University of Otago psychology researcher Dr Dione Healey plays a game with Caydence Lane (3), the well-behaved daughter of a fellow psychology department staff member. Photo by Gregor Richardson.
Parents of out-of-control preschoolers could be in for some
relief if a behavioural programme developed by a University
of Otago researcher proves successful.
Psychology researcher Dr Dione Healey has been developing a
programme for hyperactive preschoolers since 2008 and is now
running a trial involving 3 and 4-year-olds with poor
Dr Healey's research was partly as a response to findings
from the Dunedin Longitudinal Study, which found poor
self-control at age 3 was associated with negative outcomes
in adulthood, including poorer physical and mental health and
It was hoped the new programme, apart from making life easier
for exhausted parents, could help change that trajectory and
improve a child's chances later in life.
The trial would test Otago University's cognitive development
programme against the ''gold standard'' established
What made the Otago programme different from other programmes
or treatment with attention-deficit/hyperactivity disorder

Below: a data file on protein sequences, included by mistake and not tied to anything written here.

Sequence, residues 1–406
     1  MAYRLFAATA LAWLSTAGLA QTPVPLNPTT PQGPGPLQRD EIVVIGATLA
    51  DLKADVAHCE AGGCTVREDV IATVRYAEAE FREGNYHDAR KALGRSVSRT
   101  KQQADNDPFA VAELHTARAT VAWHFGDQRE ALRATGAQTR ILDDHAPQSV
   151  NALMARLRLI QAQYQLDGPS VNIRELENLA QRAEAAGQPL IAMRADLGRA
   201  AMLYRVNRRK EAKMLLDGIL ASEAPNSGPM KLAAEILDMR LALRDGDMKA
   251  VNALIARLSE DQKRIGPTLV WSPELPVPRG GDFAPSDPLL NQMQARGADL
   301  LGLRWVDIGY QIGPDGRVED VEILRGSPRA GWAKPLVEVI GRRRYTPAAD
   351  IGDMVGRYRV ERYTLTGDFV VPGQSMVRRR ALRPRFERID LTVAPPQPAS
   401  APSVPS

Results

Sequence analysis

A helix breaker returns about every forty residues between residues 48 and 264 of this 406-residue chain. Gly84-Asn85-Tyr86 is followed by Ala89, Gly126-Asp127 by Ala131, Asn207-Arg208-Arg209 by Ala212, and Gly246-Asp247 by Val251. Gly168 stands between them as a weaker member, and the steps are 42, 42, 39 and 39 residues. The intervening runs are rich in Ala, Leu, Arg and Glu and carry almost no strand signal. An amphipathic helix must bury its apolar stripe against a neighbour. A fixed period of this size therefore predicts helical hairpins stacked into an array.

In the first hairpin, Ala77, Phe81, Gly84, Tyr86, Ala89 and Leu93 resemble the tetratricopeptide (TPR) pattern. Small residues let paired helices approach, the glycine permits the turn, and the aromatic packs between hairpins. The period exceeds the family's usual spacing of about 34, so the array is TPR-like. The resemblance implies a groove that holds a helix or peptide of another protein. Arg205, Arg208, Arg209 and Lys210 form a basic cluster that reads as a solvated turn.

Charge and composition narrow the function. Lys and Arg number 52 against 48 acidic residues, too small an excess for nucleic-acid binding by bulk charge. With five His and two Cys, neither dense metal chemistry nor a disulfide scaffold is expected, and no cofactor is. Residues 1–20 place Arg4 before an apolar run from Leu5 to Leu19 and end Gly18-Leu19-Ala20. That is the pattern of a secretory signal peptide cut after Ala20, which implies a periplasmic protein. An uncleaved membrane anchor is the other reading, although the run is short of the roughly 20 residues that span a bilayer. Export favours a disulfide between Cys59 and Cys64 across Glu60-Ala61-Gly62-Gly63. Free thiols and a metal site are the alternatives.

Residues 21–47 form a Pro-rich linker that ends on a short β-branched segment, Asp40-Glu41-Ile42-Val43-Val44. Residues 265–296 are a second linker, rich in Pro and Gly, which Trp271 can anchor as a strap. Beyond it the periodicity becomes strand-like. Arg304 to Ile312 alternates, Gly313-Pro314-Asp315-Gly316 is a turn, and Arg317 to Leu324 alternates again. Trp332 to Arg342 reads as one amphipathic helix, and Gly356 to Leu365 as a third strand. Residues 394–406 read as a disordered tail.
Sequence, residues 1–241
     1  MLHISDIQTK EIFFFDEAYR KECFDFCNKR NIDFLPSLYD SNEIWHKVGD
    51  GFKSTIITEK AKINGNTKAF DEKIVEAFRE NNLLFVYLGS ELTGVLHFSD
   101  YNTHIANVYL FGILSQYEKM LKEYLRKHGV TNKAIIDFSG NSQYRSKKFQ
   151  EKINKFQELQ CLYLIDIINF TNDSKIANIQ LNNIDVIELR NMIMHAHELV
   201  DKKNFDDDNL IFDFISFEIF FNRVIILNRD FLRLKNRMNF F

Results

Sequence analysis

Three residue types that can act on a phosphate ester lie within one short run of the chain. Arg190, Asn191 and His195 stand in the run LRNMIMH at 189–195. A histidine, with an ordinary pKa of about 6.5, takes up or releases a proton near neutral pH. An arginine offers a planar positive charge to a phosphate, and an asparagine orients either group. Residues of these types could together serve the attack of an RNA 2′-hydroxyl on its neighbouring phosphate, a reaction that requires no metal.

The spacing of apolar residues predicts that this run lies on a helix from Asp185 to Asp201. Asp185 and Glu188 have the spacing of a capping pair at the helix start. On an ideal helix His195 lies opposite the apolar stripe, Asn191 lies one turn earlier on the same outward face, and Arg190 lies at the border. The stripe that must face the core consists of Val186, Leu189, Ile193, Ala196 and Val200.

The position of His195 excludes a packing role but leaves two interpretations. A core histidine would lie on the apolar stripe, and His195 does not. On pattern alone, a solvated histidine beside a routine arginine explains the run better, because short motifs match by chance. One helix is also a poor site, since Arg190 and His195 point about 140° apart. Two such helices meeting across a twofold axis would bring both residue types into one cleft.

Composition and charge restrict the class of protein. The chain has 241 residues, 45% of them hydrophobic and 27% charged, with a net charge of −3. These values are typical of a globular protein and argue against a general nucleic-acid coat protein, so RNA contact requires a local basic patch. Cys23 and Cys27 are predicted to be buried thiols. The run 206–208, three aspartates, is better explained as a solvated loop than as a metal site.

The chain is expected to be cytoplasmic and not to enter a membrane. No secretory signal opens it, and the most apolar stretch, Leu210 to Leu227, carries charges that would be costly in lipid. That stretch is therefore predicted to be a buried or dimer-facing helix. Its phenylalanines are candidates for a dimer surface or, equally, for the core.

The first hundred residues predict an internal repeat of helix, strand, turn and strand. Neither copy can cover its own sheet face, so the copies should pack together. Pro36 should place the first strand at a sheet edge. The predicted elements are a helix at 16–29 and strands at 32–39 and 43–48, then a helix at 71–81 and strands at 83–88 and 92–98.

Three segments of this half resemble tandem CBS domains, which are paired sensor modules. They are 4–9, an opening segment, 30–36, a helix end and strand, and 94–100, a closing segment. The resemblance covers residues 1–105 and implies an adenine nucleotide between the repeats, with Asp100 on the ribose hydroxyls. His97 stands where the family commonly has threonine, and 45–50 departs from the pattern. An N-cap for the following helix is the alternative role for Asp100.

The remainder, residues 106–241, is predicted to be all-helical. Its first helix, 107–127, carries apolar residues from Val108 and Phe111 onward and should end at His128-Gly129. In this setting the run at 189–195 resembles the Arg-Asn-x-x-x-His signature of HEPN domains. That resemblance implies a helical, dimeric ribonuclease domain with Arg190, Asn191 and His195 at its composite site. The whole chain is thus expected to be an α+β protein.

(ADHD) drugs was that it was focused on long-term improvement
through teaching children skills to control their own
''Behaviour modification has been around for 50 years and we
know it works and it's really good, but the main limitation
with it ... is that it doesn't seem to work long term.''
''Typically, what you find is that as soon as you stop doing
it, all their problem behaviours come back, so they are not
actually learning the skill themselves.''
Part of the focus was also about making life easier for weary
parents, of whom Dr Healey had seen many in the course of her
''They are often struggling with a difficult child and all
the feedback they get from others and they feel not well
supported and like they are a failure as a parent.''
Whereas friends and family might say a child ''just needs
some discipline'' or parents were being ''too soft'',
research showed ADHD was not caused by bad parenting and was
instead an internal lack of self-control.
Dr Healey is still looking for more parents of 3 and
4-year-olds with poor self-control to take part in her study
and those interested can get in touch by emailing firstname.lastname@example.org
Caydence Lane is not part of the study.